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Scott Peterson was in court Thursday as his attorneys argued the former Modesto fertilizer salesman should get a new trial for the murders of his wife, Laci Peterson, and the couple’s unborn son.
Peterson, 49, sat in court wearing a dark orange uniform and blue face mask, as prosecutors and defense attorneys sparred for more than five hours and a half hours about whether or not a juror’s alleged misconduct had tainted the outcome of his 2004 trial, according to Fox News.
Both sides will have until mid-September to submit memorandums further laying out the arguments before a judge will make a final decision within 90 days about a new trial.
It’s been nearly two decades since a pregnant Laci Peterson disappeared on Christmas Eve in 2002. Laci’s remains and those of the unborn baby — whom the couple had planned to name Conner — washed up along the San Francisco Bay months later, not far from where Scott Peterson had told authorities he had been out fishing the day his wife disappeared.
Scott Peterson was convicted and sentenced to death two years later. The California Supreme Court overturned his death sentence in 2020 and he was re-sentenced late last year to life in prison.
At the center of the legal debate now is whether a juror at his trial, Richelle Nice, had been biased by her own past with domestic violence — a past she had not disclosed on a juror questionnaire.
Nice never disclosed when filling out the jury forms that she’d sought a restraining order in 2000 while pregnant — against the ex-girlfriend of her then-boyfriend — because she “really fears for her unborn child.” She also never reported that her boyfriend had beaten her the year after while she was pregnant with another child, or that she had once filed a lawsuit, the The Associated Press reports.
Nice testified at an earlier hearing that she had not intentionally lied on the form and said she didn’t include those incidents because they “never crossed my mind.”
Peterson’s legal team argued that Nice deliberately lied on the questionnaire so she get could onto the highly-publicized trial and later cash in on the experience, which they say she did by co-authoring a book about the case with six other jurors, according to the AP.
And Peterson’s attorney Cliff Gardner argued there was a discrepancy between her testimony earlier this year and her actions on the jury.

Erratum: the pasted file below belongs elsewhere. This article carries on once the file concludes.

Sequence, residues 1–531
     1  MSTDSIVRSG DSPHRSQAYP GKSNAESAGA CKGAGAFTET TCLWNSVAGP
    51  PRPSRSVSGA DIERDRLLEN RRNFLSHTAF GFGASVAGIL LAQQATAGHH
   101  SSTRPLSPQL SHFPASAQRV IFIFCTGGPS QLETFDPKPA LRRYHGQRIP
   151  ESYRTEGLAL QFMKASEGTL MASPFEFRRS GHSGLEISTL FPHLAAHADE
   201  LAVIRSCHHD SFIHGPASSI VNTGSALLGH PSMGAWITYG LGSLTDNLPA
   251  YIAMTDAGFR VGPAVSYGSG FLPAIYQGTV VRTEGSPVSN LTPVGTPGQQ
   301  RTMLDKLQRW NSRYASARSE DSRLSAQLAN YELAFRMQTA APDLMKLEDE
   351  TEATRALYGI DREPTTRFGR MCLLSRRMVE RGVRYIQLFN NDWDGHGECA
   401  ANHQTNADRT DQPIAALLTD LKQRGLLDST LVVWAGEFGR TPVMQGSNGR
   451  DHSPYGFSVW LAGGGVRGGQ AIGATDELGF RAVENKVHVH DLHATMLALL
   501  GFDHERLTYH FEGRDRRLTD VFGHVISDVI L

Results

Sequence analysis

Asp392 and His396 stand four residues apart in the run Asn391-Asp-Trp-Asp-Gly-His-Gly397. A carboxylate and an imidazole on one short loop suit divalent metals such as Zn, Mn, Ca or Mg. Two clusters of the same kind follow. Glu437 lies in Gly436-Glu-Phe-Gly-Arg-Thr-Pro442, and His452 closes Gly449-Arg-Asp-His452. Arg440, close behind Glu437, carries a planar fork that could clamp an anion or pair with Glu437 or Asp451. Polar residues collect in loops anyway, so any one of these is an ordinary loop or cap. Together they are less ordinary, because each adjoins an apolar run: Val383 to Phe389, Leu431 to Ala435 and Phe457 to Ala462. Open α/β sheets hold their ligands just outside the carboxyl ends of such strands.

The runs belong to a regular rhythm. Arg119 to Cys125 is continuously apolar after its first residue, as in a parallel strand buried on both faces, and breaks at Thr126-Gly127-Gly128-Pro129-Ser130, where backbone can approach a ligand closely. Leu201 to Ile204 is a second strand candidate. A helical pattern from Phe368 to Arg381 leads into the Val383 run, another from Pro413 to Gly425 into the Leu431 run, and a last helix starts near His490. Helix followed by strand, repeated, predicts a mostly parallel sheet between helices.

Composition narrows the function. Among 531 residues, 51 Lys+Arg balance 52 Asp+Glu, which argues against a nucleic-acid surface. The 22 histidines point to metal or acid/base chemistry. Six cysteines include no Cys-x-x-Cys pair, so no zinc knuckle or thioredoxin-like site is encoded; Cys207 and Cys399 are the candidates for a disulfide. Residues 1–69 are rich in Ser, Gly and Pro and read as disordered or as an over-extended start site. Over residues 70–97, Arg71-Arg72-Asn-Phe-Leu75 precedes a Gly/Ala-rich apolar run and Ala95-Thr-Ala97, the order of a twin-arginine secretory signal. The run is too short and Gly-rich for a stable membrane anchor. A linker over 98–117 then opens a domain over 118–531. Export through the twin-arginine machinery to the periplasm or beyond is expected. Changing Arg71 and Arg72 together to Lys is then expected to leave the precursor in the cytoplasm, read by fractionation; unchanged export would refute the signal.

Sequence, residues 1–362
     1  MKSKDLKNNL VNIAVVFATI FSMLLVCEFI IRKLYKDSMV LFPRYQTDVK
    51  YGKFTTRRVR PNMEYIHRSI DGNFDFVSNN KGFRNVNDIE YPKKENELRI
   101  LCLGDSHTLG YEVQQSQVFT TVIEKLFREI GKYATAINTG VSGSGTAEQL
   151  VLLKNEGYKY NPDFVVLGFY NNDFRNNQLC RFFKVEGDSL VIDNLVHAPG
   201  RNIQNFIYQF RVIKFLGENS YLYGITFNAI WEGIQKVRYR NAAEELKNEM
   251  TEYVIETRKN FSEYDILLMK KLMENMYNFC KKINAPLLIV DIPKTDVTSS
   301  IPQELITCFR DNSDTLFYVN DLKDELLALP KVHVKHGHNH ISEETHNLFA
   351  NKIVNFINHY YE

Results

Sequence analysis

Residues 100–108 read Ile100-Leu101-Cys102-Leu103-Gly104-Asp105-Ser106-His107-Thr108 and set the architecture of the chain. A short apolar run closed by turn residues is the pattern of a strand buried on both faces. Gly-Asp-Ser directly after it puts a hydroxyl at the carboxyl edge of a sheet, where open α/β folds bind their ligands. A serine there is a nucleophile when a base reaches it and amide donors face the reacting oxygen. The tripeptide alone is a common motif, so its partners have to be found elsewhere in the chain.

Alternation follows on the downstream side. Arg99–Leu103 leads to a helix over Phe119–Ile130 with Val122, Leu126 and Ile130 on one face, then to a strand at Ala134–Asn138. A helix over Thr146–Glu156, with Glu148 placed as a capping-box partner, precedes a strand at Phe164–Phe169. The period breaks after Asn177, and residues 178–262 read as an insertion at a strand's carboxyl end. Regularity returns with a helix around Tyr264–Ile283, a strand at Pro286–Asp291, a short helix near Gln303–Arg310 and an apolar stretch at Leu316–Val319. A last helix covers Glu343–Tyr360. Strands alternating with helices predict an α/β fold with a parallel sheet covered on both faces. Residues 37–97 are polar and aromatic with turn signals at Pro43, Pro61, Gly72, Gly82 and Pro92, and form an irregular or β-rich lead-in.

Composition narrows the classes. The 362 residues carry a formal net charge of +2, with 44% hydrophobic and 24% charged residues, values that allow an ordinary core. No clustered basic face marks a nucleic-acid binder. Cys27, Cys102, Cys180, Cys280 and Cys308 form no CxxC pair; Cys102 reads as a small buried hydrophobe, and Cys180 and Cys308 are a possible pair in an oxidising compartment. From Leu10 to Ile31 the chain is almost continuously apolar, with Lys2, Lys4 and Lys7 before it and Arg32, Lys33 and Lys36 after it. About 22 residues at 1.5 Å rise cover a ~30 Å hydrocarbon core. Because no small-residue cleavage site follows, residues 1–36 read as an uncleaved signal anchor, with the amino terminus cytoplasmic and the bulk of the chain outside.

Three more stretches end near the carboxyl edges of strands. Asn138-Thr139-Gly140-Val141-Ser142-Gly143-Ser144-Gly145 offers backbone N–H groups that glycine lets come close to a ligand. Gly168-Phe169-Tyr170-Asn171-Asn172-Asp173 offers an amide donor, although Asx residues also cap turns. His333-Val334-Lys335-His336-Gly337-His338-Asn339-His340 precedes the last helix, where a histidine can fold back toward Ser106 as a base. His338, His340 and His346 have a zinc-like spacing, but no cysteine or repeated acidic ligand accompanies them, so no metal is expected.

He argued that Nice had worked to convict Peterson and even gave Conner a nickname, calling him “Little Man.” He pointed to a fellow juror’s testimony that when Nice — initially an alternate juror — joined the deliberations she told jurors “We should get Scott for what he did to Laci and ‘little man.’”
She also used the nickname in letters she wrote to Scott Peterson after his conviction.
“She took the extraordinary step after conviction and after having put Mr. Peterson on death row, [of] beginning correspondence with a series of letters. And the court has seen the letters and the letters. Each of them has various focuses, but one of the focuses of every letter is his "little man,’” Gardner argued, according to Fox News.
He also argued that she had been uncooperative until she was offered immunity in the case.
Yet, Gardner also acknowledged — after being challenged by San Mateo County Superior Court Judge Anne-Christine Massullo — that Peterson’s initial defense team had failed to thoroughly question Nice, who had answered on the jury questionnaire that she wouldn’t be able to solely stick to the evidence without her own pre-existing opinions influencing her decision.
Gardner said he thought the attorneys had likely thought the response had been an error.
“Was it a mistake?” Masullo had asked, according to the AP. “Isn’t that what lawyers are supposed to do?”
David Harris, of the Stanislaus County District Attorney’s Office, disputed the defense’s theory that Nice had intentionally lied on the forms, saying she “did the best that she could” in filling out the 23-page form.
It had been the first time Nice, a single mom, had served on the jury, he said, contending that making a mistake on the form was not the same as intentionally lying.
"She’s inconsistent on her answers,” Harris said. “But being wrong does not necessarily make it false or make her a liar. It just might be that she’s really bad at filling out forms.”
He also disputed the idea that she had intentionally tried to get on the jury, saying that at one point a judge had been planning to dismiss Nice because she only got paid by her employer for two weeks of jury duty but defense attorney Mark Geragos had suggested she stay on if she wanted to.
“She’s trying to leave,” he said, per the AP. “This is not... 'I really want to be here because I’m gonna secretly get this guy.'”
Harris said there had also been a strong case against Peterson, referencing not only the location where the bodies were found, but the research he had done about the bay currents before her disappearance, and his haste to sell her car and look into selling the family’s home shortly after she disappeared.
Outside the courthouse Thursday, Peterson’s sister-in-law, Janey Peterson, said he was “hopeful” that he might get a new trial.
“This has been a very long road,” she said, according to The Modesto Bee. “This is actually just the very beginning of the appellate process, so we are very grateful that this day has finally come and these hearings are happening and we’re looking forward to him being granted a new trial.”
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